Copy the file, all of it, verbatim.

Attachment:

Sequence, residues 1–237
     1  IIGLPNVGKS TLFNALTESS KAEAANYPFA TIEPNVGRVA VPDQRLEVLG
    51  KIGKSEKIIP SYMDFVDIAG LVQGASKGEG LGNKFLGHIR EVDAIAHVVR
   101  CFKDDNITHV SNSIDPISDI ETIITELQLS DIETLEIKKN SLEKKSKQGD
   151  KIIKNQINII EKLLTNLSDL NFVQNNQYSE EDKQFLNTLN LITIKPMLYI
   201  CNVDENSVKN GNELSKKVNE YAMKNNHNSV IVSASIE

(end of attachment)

Sequence, residues 1–237
     1  IIGLPNVGKS TLFNALTESS KAEAANYPFA TIEPNVGRVA VPDQRLEVLG
    51  KIGKSEKIIP SYMDFVDIAG LVQGASKGEG LGNKFLGHIR EVDAIAHVVR
   101  CFKDDNITHV SNSIDPISDI ETIITELQLS DIETLEIKKN SLEKKSKQGD
   151  KIIKNQINII EKLLTNLSDL NFVQNNQYSE EDKQFLNTLN LITIKPMLYI
   201  CNVDENSVKN GNELSKKVNE YAMKNNHNSV IVSASIE